Sunday, November 30, 2008

An Information Theory of Learning -- Part 1

Constructivism is a dirty word in K12 education. While educators generally acknowledge constructivism as a pedagogical theory, they doubt its practicality — Too unstructured; takes too much time; OK in the arts or Gifted classes, but doesn’t work for all subjects and all learners.

Here’s something to consider: Constructivism is not a theory of pedagogy. It’s a theory of learning.

Cognitive scientists and other who research how humans think say that we learn by constructing new knowledge. [See How People Learn (2000), from the National Research Council.] That doesn’t mean that we make up things (like intelligent design). It means that we add new information to our existing frameworks of knowledge. We literally rewire our neural pathways in order to fasten new material to existing parts of the network.

This is how we learn. All of us. All of the time. In all circumstances.

Think about the implications…

Saturday, November 22, 2008

Orders of Change

I was thinking about orders of change yesterday while I was stuck in a traffic jam during the middle of the day. I escaped to a side street by nudging my car across three lanes of stopped traffic to make a right turn. I was somewhat pleased with my relatively nimble escape. Three other cars, in front of me, had also taken the road less travelled. They all turned left at the first traffic light to return to their intended direction. But I cleverly proceeded to the next traffic light. That’s when I started thinking about orders of change. To wit:

Experiencing the problem -- Stuck in traffic
First order of change -- Get off the thoroughfare to the side street
Second order of change -- Take the second alternate route

But then it occurred to me that I hadn’t made any change at all. I got out of the traffic jam, but I didn’t do anything to help alleviate the problem of congested auto traffic. Talk about quick fixes. Do I ride public transit frequently? Do I push for more video conference meetings? Do I join a monastic order?

Education leaders like to talk about second (and third) order change. Meanwhile, we quietly return to tracking, and we test all kids more. We jump from Reading First to RTI. We work in PLCs. We make decisions based on data (whatever that means). We get document cameras for every classroom. Maybe some of these are first order change, although they mainly feel like taking the sidestreets to me.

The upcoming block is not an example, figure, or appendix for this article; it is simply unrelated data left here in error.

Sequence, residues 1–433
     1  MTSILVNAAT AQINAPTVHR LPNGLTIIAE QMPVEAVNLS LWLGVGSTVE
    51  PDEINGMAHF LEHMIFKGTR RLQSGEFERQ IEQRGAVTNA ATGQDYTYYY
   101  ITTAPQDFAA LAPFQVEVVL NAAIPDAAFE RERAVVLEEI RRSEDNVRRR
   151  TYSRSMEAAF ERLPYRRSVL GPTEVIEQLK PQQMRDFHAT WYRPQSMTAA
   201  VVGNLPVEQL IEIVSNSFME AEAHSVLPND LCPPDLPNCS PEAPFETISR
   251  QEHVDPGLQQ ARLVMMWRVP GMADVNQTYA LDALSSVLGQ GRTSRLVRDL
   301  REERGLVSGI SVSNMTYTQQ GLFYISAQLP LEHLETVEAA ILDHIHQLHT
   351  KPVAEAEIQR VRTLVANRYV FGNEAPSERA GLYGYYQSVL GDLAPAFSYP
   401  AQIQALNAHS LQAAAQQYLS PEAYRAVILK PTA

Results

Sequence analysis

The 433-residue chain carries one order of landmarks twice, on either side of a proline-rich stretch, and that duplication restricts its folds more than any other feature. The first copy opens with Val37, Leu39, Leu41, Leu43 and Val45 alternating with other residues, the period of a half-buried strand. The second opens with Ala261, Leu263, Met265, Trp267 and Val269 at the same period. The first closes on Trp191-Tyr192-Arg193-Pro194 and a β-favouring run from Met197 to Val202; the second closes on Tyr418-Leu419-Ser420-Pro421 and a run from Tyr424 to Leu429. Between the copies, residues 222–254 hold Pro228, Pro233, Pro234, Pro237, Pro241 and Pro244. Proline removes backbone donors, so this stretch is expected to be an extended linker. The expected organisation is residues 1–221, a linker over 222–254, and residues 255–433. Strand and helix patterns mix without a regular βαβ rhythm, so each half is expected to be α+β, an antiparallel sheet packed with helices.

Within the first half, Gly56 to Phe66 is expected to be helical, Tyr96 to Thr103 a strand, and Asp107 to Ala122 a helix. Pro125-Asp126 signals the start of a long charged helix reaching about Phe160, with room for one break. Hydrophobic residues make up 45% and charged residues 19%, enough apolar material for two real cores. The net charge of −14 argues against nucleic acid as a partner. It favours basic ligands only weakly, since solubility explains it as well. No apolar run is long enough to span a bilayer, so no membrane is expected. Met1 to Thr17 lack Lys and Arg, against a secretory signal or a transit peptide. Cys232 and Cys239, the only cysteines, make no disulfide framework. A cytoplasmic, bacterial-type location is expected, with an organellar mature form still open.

What would second order change look like? Focusing our learning standards on mastery of skills rather remembering and comprehending content? Ensuring that every learning experience is premised on authentic student engagement? Insisting on rigor rather than coverage?

To create powerful learning that prepares kids (and adults) for their future, we need to rethink the entire framework and culture of school. That is going to be difficult even to conceive, much less to do. But it’s the only way.

Friday, November 21, 2008

Organizational Size Matters

In our conversations about education change, Stevan Kalmon and I explore the conditions that support change in schools and districts. Recently we discussed the Rule of 20 as defined by the Coalition of Essential Schools: that classrooms of no more than 20 students, and schools with no more than 20 classrooms provide ideal conditions for learning to take place.


Taking it a step further, Stevan posited that districts should have no more than 20 schools. Go too far beyond that number and the bureaucracy required to hold things together pushes conditions toward rigidity. Change is difficult and there is great pressure to hold to a uniform way of doing business. Go too far below the Rule of 20 and districts/schools/educators tend toward isolation; new inputs are limited; organizations are not at critical mass for dynamic action.


Of course, great things can happen at either end of the school district size spectrum. But larger districts must cope with a higher degree of complexity. One of our Learning Partners, Eagle County School District, near Vail, Colorado, seems well poised for change. With 19 schools, it meets the Kalmon Corollary of the Rule of 20. Eagle has a dynamic and forward-thinking new superintendent in Sandra Smyser, and a smart staff of professionals steering the district toward a vision of 21st century learning. Under John Kuglin’s tech leadership, the district is integrating tech tools in support of its instructional goals in innovative ways.


I suspect we’ll learn lessons from Eagle that will prove useful to others interested in developing intelligent learning communities. We’ll keep you posted.